Throughout the world at any given time someone somewhere is offering assistance to another, not because they are paid to do but because of love, loyalty and family. The largest group of carers in the UK is the unofficial ones. They often go quietly about their business not seeking recognition or praise but without them our social services would grind to a halt. At last people are recognising the value of carers; they are being recognized by awards. Awards like the Great British Care Awards, which not only recognises professional’s excellence and often innovative care but those of the unpaid sector, the volunteers. Sometime the volunteers have no choice in the matter, those they love require help, and they give it, often unstintingly. The follow video tells of the rewards of caring, and this young women’s interesting use of social media again raises awareness, (a term that is becoming a bit of mantra for this blog)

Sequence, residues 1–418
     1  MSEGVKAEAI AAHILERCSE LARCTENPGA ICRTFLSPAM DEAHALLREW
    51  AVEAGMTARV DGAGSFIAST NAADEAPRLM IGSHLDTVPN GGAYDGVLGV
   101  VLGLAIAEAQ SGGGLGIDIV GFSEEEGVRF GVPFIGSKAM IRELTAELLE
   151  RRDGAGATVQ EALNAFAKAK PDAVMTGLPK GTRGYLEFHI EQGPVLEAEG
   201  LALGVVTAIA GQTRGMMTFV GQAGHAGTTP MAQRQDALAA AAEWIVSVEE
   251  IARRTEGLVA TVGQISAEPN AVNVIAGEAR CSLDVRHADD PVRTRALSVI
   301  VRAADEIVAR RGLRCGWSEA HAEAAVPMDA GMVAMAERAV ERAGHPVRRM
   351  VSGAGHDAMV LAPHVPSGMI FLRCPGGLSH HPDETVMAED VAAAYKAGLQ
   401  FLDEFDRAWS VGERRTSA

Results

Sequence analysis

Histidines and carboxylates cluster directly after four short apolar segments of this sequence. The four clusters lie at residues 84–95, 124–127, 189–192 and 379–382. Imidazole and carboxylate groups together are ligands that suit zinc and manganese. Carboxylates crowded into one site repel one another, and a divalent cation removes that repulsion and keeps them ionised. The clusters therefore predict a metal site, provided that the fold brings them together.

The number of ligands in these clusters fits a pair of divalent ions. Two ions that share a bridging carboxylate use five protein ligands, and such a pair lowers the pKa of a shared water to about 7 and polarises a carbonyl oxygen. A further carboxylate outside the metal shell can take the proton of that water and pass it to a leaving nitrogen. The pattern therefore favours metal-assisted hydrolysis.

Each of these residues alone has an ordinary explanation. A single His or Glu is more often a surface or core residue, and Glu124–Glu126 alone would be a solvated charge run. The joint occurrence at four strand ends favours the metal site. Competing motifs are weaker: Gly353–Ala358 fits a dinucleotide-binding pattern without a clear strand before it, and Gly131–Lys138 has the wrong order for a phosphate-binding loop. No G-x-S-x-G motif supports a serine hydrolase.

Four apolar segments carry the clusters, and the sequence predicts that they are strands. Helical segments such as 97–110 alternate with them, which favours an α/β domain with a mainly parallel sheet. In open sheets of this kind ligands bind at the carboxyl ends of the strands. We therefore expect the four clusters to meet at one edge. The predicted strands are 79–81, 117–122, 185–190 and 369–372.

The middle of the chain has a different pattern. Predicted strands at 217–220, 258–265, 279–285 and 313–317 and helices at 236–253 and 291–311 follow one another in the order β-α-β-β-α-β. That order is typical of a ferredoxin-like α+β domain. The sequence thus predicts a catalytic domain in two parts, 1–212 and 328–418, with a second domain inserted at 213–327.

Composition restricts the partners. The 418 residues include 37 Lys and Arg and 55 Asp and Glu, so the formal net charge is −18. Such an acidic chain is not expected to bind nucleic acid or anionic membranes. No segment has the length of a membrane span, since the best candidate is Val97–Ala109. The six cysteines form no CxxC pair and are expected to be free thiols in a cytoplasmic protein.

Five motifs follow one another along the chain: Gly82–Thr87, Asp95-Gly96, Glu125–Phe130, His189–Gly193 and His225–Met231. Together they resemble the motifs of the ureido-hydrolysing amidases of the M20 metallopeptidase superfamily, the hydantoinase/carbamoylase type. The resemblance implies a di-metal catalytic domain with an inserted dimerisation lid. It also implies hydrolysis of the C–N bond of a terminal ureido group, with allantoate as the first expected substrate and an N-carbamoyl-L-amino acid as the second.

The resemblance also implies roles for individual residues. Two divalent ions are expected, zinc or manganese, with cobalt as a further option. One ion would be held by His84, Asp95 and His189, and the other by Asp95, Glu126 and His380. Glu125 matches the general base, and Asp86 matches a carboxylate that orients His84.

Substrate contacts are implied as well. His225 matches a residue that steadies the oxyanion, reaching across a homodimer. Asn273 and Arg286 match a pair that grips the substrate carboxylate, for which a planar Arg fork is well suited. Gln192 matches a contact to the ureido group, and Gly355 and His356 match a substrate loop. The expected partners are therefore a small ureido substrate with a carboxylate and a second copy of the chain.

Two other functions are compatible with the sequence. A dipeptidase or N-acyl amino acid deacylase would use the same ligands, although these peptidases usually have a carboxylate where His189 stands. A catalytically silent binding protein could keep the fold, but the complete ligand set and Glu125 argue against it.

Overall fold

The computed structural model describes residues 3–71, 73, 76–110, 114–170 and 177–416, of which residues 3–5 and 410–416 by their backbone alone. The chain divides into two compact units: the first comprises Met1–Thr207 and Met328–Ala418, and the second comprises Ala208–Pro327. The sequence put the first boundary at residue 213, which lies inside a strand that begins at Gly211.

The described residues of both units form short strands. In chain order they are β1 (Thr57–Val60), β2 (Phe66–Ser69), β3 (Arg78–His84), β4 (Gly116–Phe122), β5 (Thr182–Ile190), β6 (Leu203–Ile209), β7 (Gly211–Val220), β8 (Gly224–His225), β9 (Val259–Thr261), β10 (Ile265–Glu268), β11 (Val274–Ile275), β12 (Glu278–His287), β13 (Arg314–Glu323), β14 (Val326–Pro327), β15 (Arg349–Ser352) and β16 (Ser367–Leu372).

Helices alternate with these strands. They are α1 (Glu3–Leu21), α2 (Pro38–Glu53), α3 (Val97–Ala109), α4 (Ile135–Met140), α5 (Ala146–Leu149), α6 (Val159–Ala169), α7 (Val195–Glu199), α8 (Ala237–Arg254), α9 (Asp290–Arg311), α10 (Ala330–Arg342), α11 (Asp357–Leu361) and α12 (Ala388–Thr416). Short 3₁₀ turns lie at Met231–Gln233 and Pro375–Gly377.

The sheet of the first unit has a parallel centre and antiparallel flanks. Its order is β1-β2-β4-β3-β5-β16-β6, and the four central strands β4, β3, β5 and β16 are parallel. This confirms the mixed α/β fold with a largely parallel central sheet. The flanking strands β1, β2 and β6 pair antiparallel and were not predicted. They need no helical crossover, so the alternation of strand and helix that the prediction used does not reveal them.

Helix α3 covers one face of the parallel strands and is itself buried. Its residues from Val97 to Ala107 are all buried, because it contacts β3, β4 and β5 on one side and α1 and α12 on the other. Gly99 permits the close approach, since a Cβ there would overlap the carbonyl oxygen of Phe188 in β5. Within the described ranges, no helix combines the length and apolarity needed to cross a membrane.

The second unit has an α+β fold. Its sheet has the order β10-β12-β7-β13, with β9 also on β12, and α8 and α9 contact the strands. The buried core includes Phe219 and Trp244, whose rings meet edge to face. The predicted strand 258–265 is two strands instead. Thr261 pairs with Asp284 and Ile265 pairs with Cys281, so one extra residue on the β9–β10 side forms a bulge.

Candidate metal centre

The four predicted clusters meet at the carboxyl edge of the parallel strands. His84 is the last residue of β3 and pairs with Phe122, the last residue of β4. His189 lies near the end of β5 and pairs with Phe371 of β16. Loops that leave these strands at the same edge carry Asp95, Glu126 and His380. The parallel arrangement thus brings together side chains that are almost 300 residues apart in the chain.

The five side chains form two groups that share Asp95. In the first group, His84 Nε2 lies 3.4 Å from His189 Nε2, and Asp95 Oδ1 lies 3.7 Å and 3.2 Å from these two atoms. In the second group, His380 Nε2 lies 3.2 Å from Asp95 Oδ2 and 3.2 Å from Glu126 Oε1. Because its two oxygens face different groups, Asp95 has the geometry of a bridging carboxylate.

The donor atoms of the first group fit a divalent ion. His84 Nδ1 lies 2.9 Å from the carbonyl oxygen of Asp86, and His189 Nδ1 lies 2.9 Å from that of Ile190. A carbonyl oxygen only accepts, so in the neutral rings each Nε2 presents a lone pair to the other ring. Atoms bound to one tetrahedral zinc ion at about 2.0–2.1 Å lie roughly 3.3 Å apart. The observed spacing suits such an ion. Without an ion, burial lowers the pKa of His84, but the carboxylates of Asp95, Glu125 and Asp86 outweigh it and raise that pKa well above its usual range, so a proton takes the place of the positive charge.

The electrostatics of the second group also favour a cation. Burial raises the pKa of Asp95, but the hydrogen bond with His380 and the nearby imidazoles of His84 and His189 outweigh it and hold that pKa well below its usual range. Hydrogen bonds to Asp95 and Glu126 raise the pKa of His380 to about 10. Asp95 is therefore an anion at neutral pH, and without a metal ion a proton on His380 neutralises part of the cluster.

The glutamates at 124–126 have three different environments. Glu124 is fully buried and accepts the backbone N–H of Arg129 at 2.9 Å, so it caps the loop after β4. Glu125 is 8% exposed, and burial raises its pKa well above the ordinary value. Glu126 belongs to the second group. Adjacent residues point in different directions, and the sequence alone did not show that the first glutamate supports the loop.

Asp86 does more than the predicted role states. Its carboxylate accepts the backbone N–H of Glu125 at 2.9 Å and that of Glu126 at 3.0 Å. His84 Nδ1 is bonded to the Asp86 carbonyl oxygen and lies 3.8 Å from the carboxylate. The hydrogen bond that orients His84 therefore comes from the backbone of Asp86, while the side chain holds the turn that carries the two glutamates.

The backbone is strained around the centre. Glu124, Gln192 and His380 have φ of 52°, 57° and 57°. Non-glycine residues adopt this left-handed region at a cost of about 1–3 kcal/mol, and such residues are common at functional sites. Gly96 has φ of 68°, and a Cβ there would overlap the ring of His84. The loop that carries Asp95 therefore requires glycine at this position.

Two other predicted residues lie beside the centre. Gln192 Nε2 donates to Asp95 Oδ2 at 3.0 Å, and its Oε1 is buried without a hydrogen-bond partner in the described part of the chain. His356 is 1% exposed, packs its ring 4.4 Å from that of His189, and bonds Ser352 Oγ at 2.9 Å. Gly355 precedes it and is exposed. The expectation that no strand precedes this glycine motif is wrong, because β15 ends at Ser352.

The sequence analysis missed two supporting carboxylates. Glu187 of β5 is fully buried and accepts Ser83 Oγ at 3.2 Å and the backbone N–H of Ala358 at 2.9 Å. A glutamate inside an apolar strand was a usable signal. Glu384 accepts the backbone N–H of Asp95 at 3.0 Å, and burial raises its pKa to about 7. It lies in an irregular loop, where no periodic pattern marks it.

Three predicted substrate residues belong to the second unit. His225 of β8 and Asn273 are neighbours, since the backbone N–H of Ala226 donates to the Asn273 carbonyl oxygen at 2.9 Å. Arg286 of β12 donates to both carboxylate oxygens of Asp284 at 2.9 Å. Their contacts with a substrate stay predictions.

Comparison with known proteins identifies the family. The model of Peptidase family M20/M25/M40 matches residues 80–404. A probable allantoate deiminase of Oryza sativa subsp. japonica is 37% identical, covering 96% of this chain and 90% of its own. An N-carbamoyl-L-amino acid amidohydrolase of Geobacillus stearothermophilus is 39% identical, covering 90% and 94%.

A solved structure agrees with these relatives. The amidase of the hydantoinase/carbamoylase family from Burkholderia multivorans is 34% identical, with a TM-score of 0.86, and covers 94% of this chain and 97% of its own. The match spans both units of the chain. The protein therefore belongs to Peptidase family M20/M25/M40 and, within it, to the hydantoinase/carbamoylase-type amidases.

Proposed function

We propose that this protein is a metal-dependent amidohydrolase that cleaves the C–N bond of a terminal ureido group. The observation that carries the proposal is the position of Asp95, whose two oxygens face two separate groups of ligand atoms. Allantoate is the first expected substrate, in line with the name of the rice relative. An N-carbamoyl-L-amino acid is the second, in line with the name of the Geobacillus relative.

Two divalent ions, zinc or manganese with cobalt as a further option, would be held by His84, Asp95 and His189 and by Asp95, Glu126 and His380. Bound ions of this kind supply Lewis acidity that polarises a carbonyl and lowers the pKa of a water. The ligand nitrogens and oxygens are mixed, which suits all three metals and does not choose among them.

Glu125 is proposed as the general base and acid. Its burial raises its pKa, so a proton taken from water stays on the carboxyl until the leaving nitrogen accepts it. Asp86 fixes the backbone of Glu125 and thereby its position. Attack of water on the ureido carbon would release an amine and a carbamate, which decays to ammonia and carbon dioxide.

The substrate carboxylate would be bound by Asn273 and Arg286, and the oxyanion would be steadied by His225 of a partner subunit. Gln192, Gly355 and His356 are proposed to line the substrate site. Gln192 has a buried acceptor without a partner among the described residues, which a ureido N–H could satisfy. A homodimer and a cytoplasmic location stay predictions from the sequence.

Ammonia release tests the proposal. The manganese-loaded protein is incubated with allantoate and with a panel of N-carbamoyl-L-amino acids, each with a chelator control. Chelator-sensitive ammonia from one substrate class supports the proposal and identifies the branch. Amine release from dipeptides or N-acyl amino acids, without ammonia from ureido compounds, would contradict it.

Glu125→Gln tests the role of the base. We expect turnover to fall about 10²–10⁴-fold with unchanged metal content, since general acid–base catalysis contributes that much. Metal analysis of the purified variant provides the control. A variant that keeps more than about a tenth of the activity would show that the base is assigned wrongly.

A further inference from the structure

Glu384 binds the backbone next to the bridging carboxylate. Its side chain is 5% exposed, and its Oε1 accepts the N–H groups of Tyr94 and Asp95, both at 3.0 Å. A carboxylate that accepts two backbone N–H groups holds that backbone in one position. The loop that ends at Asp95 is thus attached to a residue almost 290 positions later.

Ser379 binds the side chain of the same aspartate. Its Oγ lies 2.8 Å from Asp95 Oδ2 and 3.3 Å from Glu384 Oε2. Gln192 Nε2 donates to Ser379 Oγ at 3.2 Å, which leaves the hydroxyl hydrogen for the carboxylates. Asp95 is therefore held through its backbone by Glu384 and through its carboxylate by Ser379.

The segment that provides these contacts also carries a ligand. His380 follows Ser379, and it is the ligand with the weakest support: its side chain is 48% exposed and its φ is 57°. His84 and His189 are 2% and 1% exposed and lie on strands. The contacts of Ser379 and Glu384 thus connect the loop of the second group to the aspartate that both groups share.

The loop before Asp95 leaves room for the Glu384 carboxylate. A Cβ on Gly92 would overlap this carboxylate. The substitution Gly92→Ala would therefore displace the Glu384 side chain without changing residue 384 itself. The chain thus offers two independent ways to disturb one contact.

Using Facebook as a platform to inform and educate is now a given, more and more people are connecting through social media and becoming stronger for doing so, the use of humour in this video is the enabling factor that allows people to connect and empathise. Twitter, Whats App and other social media resources allow carers not to feel so alone, a place to go where you know what you are experiencing is shared and where you can learn how to cope or manage better. Whilst social media is used by non professionals and some volunteer groups there have been concerns identified with this use, the most significant one being confidentiality, this article from the Guardian, http://www.theguardian.com/social-care-network/2014/jul/10/social-care-social-media-digital-tools, highlighted this question and how some of the professional services are approaching this. What are your thoughts, could social media be of constructive use in social care?